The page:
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Anchor Activities: Definition & Examples

Instructor: Jennifer Carnevale

Jennifer has a dual master's in English literature/teaching and is currently a high school English teacher. She teaches college classes on the side.

No matter how great your time management skills are, there will be moments when students finish their work at different times, leaving them with down time. Read this lesson to learn about anchor activities and how we can fill those gaps in meaningful ways.

What is an Anchor Activity?

When students complete assignments in our rooms such as tests or quizzes, we know each student will work at a different pace and finish at different times. What should they do with that extra time? Can they sit there quietly and play on their cell phones? Of course, but this feels like wasted time.

Instead, try using something called an anchor activity. An anchor activity is an assignment that can be used when students have extra time after completing a lesson or assessment. These types of activities can be carried over throughout the school year and do not need in-the-moment directions.

Independent Reading

There are many students that do not find an interest in the stories that are read in class, but a great way to get more students reading is through independent reading projects. Have students select a book of their choice. This is an excellent way to engage students in a fun reading activity where they get to choose the story. This type of assignment is a perfect anchor activity that can be carried over throughout the year.

When setting up this assignment, take time to offer suggestions, such as memoirs and other nonfiction texts, graphic novels, and classic literature that may not be in the curriculum. However, these should not be their only options. At the end of the day, getting kids to read is the goal. Whether it's Young Adult or Sci-Fi, giving students the time to read quietly, and allowing them to select what they read, can change a life.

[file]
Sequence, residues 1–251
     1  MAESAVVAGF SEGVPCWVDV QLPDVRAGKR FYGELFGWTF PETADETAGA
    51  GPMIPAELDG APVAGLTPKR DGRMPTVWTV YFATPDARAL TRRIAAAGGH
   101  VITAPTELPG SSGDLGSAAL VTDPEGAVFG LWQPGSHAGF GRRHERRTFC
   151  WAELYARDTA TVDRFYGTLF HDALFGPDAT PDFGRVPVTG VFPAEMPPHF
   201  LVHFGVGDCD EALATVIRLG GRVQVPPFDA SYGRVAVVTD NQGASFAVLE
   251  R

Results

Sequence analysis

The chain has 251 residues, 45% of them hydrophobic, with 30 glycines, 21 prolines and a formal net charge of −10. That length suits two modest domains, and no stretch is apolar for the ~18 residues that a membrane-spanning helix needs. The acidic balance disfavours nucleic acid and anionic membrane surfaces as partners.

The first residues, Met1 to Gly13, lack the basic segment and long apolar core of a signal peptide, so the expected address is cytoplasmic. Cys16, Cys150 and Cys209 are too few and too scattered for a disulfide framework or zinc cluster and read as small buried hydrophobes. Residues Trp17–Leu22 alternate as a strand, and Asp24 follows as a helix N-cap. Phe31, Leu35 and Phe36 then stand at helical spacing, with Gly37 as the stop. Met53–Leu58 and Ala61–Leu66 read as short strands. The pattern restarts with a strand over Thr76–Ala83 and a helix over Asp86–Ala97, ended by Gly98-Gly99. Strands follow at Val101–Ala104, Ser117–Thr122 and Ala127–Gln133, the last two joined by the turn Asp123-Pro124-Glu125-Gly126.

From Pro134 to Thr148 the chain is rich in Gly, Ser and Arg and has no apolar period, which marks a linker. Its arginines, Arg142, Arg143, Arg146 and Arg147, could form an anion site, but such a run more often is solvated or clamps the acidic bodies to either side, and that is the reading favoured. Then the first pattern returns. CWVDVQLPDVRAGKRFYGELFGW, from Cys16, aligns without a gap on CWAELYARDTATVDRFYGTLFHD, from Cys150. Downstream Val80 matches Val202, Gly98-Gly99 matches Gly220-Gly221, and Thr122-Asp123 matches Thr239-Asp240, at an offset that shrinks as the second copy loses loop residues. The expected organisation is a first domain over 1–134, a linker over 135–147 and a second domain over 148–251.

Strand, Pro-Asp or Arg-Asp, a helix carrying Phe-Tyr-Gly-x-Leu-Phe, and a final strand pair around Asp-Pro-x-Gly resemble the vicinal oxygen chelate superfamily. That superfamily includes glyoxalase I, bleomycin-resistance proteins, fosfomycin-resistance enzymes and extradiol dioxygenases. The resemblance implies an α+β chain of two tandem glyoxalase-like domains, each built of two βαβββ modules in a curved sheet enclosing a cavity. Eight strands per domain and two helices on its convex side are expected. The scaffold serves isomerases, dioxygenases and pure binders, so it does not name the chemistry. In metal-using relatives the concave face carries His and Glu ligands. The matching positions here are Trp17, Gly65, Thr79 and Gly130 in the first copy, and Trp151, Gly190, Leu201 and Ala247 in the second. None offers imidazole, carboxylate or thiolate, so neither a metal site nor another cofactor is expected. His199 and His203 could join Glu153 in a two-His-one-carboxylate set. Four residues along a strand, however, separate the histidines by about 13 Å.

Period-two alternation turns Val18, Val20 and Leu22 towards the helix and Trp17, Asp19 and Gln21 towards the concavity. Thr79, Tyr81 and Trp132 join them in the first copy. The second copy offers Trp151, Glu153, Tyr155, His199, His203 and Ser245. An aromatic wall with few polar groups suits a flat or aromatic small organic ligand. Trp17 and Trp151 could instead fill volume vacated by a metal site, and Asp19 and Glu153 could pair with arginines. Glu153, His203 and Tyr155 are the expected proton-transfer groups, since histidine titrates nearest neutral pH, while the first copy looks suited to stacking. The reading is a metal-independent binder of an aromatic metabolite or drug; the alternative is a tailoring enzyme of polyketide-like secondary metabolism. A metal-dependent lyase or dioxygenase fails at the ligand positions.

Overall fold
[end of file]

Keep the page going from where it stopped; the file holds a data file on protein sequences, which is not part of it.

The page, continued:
Pre-Made Packets

  • Grammar: Teaching grammar within longer units cant be difficult without spending an entire term on the work. Adding short grammar worksheets or a larger self-driven grammar packet is a great way to reinforce information, but it also gives students something to do after testing. Independent mini units such as homonym/homophone practice, comma usages, and parts of speech all reinforce best practice and information students should already know but may need more time to practice.
  • Vocabulary: The same could also be done for vocabulary, such as extra practice worksheets based on the current unit or word list. Handouts containing fill-ins and sentence starters reinforce memorization and comprehension.
  • Math/Word Problems: Create a packet of math problems that correlate to the current unit. Give the students these packets with answer keys to reinforce current and/or new information.

Honing Skills

While reinforcing content and connections to a text or unit are key, we are also skill building on a daily basis. Anchor activities can also include skill building activities. For an English class, give students text passages with practice questions to reinforce content and reading comprehension. You can also offer practice open responses as well, but be sure to give the students feedback on their work so that the work is not considered 'busy work'. Multiple choice questions and open responses can be used for other subjects, such as social studies, science, technology and world language.

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